The Final University of Michigan Consumer Sentiment for September came in at 84.6, unchanged from the September Preliminary reading but up from the 82.5 August final. This is the highest level since July of last year, 14 months ago. Today's number was a tick below the Investing.com forecast of 84.7.
See the chart below for a long-term perspective on this widely watched indicator. I've highlighted recessions and included real GDP to help evaluate the correlation between the Michigan Consumer Sentiment Index and the broader economy.
To put today's report into the larger historical context since its beginning in 1978, consumer sentiment is now 1 percent below the average reading (arithmetic mean) and 1 percent above the geometric mean. The current index level is at the 44th percentile of the 441 monthly data points in this series.
The Michigan average since its inception is 85.1. During non-recessionary years the average is 87.4. The average during the five recessions is 69.3. So the latest sentiment number puts us 15.3 points above the average recession mindset and 2.8 points below the non-recession average.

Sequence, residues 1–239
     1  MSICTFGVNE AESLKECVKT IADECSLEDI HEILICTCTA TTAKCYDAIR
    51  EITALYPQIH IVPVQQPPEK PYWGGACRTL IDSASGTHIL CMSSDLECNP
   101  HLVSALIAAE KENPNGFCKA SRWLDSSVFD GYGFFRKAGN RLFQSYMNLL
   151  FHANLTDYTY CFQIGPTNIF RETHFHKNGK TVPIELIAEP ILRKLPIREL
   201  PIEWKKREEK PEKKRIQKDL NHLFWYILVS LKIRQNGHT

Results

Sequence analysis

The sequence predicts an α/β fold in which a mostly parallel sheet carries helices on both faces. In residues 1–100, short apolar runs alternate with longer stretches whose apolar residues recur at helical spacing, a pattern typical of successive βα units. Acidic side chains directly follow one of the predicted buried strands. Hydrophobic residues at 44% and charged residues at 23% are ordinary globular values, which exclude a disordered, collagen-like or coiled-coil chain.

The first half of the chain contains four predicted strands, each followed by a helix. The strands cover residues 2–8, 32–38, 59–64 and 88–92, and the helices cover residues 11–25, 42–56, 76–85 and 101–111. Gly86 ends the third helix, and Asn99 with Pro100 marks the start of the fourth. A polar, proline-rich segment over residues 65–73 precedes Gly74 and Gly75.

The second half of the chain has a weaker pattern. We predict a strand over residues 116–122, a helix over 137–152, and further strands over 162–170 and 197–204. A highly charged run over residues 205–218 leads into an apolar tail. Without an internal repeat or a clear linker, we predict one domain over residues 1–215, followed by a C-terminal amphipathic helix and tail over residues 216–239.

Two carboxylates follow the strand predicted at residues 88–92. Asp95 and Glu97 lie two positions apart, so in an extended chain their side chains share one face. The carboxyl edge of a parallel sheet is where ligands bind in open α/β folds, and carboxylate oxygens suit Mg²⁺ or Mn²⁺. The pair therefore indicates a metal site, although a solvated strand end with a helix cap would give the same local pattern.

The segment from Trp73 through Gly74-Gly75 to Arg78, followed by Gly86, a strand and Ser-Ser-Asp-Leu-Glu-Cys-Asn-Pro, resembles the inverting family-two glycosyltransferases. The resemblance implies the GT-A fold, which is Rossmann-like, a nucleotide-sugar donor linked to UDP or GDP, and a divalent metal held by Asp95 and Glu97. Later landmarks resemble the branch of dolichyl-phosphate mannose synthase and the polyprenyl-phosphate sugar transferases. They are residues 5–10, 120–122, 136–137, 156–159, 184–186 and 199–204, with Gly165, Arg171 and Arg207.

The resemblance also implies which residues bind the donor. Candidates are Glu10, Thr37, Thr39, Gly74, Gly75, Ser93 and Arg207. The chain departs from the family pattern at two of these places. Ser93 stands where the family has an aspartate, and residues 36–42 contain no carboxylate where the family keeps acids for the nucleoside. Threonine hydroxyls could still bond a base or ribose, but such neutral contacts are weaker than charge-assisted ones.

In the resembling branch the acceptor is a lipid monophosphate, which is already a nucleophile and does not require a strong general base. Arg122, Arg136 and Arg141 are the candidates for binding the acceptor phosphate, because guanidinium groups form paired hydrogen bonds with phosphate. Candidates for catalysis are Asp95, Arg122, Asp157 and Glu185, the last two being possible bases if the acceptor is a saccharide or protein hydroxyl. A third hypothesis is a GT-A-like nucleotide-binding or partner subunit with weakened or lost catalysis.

Note that this indicator is somewhat volatile with a 3.1 point absolute average monthly change. The latest month is a somewhat smaller 2.1 point change. For a visual sense of the volatility, here is a chart with the monthly data and a three-month moving average.
For the sake of comparison, here is a chart of the Conference Board's Consumer Confidence Index (monthly update here). The Conference Board Index is the more volatile of the two, but the broad pattern and general trends have been remarkably similar to the Michigan Index.
And finally, the prevailing mood of the Michigan survey is also similar to the mood of small business owners, as captured by the NFIB Business Optimism Index (monthly update here).
The general trend in the Michigan Sentiment Index since the Financial Crisis lows has been one of slow improvement. However, it has been range bound since 2012, hovering between 72 and 85. It is currently near the top of the range.